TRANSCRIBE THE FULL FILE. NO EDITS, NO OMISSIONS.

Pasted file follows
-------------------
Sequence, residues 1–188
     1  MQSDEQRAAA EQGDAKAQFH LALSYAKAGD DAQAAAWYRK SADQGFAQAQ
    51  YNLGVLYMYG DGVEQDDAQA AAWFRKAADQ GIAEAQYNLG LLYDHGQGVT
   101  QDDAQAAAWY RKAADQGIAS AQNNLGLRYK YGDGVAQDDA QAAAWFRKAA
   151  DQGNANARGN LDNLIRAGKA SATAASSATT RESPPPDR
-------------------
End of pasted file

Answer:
Sequence, residues 1–188
     1  MQSDEQRAAA EQGDAKAQFH LALSYAKAGD DAQAAAWYRK SADQGFAQAQ
    51  YNLGVLYMYG DGVEQDDAQA AAWFRKAADQ GIAEAQYNLG LLYDHGQGVT
   101  QDDAQAAAWY RKAADQGIAS AQNNLGLRYK YGDGVAQDDA QAAAWFRKAA
   151  DQGNANARGN LDNLIRAGKA SATAASSATT RESPPPDR